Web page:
CUMAE, an ancient city on the west coast of Campania, Italy, about 12 m. W. of Neapolis, on a volcanic eminence, over looking the plain traversed by the Volturno.
Strabo calls it (Gr. Kv s,) the oldest of the Greek colonies on the mainland of Italy or in Sicily. We find it in 721 B.C. founding Zancle (Messina) in Sicily, jointly with Chalcis; and it extended its power gradually over the coast of the gulf of Puteoli and the harbours of the promontory of Misenum. Puteoli itself (under the name Dicaearchia) was probably founded by Cumae. In the seventh century, according to the legends, Parthenope, whither the demos of Cumae had taken refuge after an unsuccessful rising against the aristocracy, was attacked by the latter and destroyed, but soon rebuilt under the name of Neapolis (New City, the present Naples) (q.v.). The most fertile portion of the Cam panian plain was also under its dominion; the name "fossa Graeca" still lingered on in 205 B.C. to testify to its ancient limits. Cumae was now at the height of its power, and many fine coins testify to its prosperity. In 524 B.C. it was the object of a joint but unsuccessful attack by the Etruscans of Capua, the Daunians of the district of Nola, and the Aurunci of the Mons Massicus. A renewed Etruscan attack was repelled with the help of Hiero of Syracuse, who in the battle of Cumae of 474 B.C. drove the Etruscan fleet from the sea, and broke their power in Cam pania. The Samnites finally destroyed the Etruscan supremacy by the capture of Capua in the latter half of the fifth century (see CAPUA; CAMPANIA), and the Greeks of Cumae were over whelmed by the same invasion. The beautiful series of Greek coins from the town now ended, and Oscan became its language (though in many respects the Greek character of the town sur vived) until about 18o B.C. when the Cumaeans addressed to Rome a request that they might be allowed to use Latin for public purposes. Cumae had already come under the supremacy of Rome, about 34o, as Capua did, and was governed after 318 by the prae f ecti Capuam Cumas. In the Hannibalic wars it re mained faithful to Rome. Under the empire it was a quiet country town, in contrast to the gay and fashionable Baiae, which, however, with the lacus Avernus and lacus Lucrinus, formed a part of its territory. Cicero's villa on the east bank of the latter, for example, which he called the Academia, was also known as Cumanum. In the Gothic wars the acropolis of Cumae was, except for Naples, the only fortified town in Campania, and it retained its military importance until it was destroyed by the Neapolitans in 1205, since which time it has been deserted.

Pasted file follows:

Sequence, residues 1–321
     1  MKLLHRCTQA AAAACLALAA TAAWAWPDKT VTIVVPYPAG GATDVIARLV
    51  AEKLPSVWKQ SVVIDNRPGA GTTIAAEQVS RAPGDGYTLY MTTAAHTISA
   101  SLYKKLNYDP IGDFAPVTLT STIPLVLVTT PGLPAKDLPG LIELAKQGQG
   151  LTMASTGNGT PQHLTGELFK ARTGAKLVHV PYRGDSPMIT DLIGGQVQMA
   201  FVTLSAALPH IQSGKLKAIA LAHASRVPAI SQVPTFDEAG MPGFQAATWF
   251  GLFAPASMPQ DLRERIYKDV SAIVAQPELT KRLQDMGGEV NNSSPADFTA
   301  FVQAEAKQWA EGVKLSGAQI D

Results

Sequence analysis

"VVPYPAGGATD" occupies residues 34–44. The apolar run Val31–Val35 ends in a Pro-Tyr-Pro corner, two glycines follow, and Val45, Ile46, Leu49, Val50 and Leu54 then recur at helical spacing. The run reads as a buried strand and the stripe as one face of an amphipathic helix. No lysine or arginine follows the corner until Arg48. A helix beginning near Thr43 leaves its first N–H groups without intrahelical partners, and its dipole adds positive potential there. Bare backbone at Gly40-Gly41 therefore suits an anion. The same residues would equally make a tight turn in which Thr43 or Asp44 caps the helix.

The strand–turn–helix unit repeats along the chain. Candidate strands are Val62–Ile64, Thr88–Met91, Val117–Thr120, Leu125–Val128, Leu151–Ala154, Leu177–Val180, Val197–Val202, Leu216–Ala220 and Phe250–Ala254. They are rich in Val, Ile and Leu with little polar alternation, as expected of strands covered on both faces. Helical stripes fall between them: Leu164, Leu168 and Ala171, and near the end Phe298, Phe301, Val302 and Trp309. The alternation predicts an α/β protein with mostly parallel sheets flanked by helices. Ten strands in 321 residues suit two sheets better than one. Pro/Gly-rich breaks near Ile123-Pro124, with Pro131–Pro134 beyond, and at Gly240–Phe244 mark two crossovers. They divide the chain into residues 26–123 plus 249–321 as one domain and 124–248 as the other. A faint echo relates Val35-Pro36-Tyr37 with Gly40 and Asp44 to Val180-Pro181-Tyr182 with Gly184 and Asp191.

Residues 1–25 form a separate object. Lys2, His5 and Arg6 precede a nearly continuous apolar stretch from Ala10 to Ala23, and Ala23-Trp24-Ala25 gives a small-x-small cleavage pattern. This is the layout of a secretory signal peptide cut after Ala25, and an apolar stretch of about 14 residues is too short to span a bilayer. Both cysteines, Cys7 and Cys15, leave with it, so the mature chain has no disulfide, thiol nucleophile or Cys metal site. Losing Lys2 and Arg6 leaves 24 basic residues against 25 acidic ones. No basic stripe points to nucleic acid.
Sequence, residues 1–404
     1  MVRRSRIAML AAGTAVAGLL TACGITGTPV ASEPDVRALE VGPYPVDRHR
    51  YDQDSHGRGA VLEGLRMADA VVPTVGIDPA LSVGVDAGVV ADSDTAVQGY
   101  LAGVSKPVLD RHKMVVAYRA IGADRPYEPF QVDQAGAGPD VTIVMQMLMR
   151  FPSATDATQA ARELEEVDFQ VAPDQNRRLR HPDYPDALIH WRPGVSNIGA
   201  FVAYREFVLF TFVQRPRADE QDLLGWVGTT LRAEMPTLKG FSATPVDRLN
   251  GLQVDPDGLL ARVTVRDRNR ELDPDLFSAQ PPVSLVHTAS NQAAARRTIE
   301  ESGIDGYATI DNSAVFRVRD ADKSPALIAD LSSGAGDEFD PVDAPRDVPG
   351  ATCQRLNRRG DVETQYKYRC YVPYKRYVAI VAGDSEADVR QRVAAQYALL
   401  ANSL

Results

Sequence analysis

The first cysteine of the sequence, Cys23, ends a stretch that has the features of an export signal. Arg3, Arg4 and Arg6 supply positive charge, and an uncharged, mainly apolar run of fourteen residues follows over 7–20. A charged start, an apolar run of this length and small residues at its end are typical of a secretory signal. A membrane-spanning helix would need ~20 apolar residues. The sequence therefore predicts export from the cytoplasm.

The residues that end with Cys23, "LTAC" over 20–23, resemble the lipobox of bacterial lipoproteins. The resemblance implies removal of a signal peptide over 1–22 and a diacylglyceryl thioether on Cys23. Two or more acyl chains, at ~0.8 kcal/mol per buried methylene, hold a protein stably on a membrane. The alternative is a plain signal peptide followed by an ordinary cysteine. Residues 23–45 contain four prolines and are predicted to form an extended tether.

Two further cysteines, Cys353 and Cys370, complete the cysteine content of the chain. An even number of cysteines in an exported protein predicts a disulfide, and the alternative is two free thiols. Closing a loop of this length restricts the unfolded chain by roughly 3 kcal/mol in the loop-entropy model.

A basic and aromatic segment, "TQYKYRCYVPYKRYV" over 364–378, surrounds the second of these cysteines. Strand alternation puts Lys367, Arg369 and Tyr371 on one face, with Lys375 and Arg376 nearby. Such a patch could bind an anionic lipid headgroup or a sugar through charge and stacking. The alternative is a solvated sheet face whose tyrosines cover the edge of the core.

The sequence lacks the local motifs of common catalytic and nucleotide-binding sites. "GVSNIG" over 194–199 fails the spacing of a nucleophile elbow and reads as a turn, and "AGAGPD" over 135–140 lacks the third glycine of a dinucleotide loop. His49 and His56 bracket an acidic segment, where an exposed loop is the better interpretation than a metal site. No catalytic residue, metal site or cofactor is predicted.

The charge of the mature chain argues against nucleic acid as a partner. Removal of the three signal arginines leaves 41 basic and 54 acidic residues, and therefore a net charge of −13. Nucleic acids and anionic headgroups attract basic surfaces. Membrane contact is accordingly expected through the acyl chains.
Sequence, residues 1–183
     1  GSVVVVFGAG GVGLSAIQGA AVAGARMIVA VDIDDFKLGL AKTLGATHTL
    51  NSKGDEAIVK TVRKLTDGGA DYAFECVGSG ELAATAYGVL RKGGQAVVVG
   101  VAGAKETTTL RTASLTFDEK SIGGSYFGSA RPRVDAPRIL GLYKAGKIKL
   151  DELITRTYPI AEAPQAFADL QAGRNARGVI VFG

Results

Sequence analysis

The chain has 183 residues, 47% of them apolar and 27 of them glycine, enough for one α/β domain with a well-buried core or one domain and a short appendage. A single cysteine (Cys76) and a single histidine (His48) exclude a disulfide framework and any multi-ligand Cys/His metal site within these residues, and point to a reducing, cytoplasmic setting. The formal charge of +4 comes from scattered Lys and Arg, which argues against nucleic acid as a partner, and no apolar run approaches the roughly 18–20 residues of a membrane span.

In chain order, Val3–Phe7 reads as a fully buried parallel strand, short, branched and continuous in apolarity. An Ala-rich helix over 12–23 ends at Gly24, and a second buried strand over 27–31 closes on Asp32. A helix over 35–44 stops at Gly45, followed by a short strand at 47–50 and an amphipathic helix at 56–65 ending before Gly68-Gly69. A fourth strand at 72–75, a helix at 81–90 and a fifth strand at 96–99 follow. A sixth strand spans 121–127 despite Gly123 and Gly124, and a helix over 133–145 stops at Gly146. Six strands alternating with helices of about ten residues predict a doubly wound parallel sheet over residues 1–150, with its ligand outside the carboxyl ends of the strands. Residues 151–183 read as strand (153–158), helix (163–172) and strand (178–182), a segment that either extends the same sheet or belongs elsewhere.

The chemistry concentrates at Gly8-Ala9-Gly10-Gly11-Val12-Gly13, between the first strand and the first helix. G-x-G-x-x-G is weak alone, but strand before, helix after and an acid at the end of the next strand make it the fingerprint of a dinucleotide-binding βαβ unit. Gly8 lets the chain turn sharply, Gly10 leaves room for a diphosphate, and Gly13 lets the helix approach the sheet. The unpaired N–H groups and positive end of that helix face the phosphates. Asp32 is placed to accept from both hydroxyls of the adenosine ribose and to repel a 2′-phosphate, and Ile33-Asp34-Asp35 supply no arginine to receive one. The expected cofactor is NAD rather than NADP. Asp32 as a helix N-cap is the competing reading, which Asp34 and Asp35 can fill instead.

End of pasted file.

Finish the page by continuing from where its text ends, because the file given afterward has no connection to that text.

The acropolis hill (269 ft. above sea-level), a mass of trachyte which has broken through the surrounding tufa, lies hardly loo yd. from the low sandy shore. It is traversed by caves, which are famous in legend as the seat of the oracle of the Cumaean Sibyl, and a vaulted corridor leading to a large rectangular fore court has been found, from which the oracular cave itself will no doubt be reached when the excavations are completed. The acropolis has only one approach, on the south-east ; on all other sides it falls away steeply. Remains of fortifications of all ages run round the edge of the hill ; some of the original Greek work, in finely hewn rectangular tufa blocks, exists on the east. The mediaeval line follows the ancient, except on the north-east, where it takes in a larger area. Within the acropolis stood the temple of Apollo, the remains of which, restored in Roman times, stand on the eastern and lower summit.
There are also various remains of buildings of the imperial period, and these are far more frequent on the site of the lower town (now occupied by vineyards) which lies below the acropolis to the south. The line of the city walls can be traced both on the east and on the west, though the remains on the east are in significant, and on the west (the seaward side) only the scarping of the hill remains. To the south of the town, just outside the wall, is the amphitheatre. To the north of it is the point where the roads from Liternum (the Via Domitiana running along the sandy coast), Capua (a branch of the Via Campana), Misenum and Puteoli meet. The last passes through the Acro Felice, an arch of brick-faced concrete 63 ft. high which spans a cutting through the Monte Grillo, made by Domitian to shorten the course of the road, which had hitherto run farther north. The Grotto della Pace leads to the shores of Avernus. On the east side of Cumae are considerable remains of the Roman period. The cemeteries of Cumae extended on all sides of the ancient city, except towards the sea, but the most important lay on the north, between this temple and the Lago di Licola. Pre-Hellenic (ninth to eighth centuries B.c.) Greek, Samnite and Roman graves have produced many important objects, now in various museums. See D. Randall Maclver, The Iron Age in Italy (Oxford, 1927), 16o sqq. (especially for the geometric pottery found here).